In order for the public space to be in touch with the evolution of the territory, we propose to consider time not as a constraint but on the contrary as the main material of a reflection on the ground: the time which precedes the project, the one which succeeds it, but also the one which composes it. A more progressive approach will thus be adopted, by incorporating actions into the project design that could precede or accompany the building site. These actions are not "temporary" but an integral part of a gradual transformation of the site.
There is no single solution to the diversity of situations and the extent of development schedules, but rather values to be shared. Guiding the design conception of the 68 public spaces hinges on the formulation of three major ambitions for future public spaces: their continuity, evolvability and availability.
The continuity relies upon on the recognition and amplification of everything that pre-exists and surrounds the project, which is an opportunity to produce or consolidate the links between the urban designs (existing, current or future) and their contexts. The establishing of continuity in the urban landscapes does not mean their standardisation but the enhancement of their sequencing, thresholds and concatenations.
Public space is the long-term repository of the city, and its sustainability is directly linked to its evolvability. This implies the designing of projects that will have to adapt to changes and the unforeseeable. Evolvability is based on the dissociation of the permanent and the temporary: the ground must be able to last while admitting that its facilities may change.
The availability relies on the fundamental vocation of public space: ensuring equal access to the city and to urban resources. It involves making places open, welcoming and manifest to everyone, without this meaning that everything is allowed, and hinges on the capacity of spaces to create a coexistence of uses and functions.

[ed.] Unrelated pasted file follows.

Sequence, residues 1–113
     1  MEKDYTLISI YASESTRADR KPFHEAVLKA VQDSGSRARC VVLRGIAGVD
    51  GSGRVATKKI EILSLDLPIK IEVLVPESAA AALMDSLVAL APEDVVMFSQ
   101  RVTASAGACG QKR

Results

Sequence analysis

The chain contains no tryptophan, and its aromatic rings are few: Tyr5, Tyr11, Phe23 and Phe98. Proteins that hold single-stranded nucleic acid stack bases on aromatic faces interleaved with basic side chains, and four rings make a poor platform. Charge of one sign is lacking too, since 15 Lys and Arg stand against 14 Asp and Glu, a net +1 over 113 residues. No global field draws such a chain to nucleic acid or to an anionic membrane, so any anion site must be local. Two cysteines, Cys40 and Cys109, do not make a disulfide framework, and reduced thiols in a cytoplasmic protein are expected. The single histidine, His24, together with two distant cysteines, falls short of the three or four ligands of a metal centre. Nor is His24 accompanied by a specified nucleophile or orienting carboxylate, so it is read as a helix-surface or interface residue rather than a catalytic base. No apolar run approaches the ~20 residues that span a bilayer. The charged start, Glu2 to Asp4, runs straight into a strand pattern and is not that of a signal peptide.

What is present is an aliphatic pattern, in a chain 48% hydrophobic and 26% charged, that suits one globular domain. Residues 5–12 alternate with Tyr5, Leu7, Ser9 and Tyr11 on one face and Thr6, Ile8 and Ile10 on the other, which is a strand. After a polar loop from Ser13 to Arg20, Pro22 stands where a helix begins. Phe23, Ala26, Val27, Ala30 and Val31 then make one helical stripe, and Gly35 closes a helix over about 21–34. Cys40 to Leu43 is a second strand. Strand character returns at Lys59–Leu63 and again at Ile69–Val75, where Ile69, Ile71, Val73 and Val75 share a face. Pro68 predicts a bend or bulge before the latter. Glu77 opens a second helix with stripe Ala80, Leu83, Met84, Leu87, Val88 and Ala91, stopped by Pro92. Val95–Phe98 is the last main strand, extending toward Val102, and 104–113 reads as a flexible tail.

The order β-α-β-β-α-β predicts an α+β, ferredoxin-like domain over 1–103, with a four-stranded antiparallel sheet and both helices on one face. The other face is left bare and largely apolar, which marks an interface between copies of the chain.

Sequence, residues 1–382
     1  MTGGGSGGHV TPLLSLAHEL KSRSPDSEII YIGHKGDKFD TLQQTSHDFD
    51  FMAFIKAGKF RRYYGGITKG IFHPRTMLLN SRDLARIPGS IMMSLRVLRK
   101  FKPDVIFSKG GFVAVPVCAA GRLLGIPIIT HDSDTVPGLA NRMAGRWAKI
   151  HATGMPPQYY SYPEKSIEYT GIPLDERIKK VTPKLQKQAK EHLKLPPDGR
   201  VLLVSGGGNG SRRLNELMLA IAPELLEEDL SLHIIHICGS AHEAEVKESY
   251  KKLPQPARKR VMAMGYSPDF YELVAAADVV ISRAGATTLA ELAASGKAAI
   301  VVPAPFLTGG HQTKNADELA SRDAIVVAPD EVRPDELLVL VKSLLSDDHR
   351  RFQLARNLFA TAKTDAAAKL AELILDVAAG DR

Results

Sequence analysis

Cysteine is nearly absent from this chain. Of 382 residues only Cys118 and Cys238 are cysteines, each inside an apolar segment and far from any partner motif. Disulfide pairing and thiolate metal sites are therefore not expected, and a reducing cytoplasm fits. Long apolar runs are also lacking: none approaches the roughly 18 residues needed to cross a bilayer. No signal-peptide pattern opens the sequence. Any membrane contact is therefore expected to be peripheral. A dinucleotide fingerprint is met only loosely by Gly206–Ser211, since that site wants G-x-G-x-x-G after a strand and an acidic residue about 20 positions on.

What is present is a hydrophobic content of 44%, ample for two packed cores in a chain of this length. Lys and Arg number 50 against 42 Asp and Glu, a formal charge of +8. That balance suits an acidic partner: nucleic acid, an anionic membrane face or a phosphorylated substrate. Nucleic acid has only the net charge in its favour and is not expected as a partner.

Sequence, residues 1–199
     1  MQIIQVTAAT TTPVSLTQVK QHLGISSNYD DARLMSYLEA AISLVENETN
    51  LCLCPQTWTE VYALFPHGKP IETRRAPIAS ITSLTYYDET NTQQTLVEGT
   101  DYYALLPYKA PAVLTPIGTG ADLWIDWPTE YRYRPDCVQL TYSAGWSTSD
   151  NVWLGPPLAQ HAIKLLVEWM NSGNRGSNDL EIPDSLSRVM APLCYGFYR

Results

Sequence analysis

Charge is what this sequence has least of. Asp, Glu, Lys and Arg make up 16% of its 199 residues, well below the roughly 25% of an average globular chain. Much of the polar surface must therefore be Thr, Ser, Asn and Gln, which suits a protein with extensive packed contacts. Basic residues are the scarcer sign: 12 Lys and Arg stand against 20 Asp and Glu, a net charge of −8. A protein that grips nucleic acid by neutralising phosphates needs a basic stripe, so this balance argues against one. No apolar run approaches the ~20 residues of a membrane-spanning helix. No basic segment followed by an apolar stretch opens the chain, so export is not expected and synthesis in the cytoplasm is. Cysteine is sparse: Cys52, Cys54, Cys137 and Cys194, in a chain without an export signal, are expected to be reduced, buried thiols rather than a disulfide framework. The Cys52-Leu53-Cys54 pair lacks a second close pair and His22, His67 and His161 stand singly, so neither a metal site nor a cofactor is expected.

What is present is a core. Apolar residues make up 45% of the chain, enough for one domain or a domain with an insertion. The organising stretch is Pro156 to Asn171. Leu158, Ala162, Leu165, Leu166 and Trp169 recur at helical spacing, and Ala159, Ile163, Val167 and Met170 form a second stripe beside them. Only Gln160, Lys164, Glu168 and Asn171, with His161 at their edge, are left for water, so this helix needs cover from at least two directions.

These three major ambitions guide 40 design principles for public space projects. Proposals and objectives more than pre-established recipes, these principles invite the sharing of a project-approach, and their implementation is left to the discretion of the designers and project owners.
The result of a three-year study carried out by a multidisciplinary team led by TVK, the book Places du Grand Paris is a guide to the design of public spaces in Greater Paris which aspires to contribute to the construction of a common culture of public spaces. It was developed for the attention of the project owners and designers of the public spaces of the 68 future stations of the Grand Paris Express, in order to support them in the monitoring, programming, design and management of their public spaces. This common culture relies on the conviction that public space must be conceived in its multiple dimensions, both in the thickness of its ground and in the depth of its temporalities.
To communicate in an open and inclusive way the elements of this culture, the work articulates practical as well as theoretical statements, around a varied iconographic corpus (drawings, photographs, models, documents, maps) conveying public space as an imaginary and evolving field of experimentation.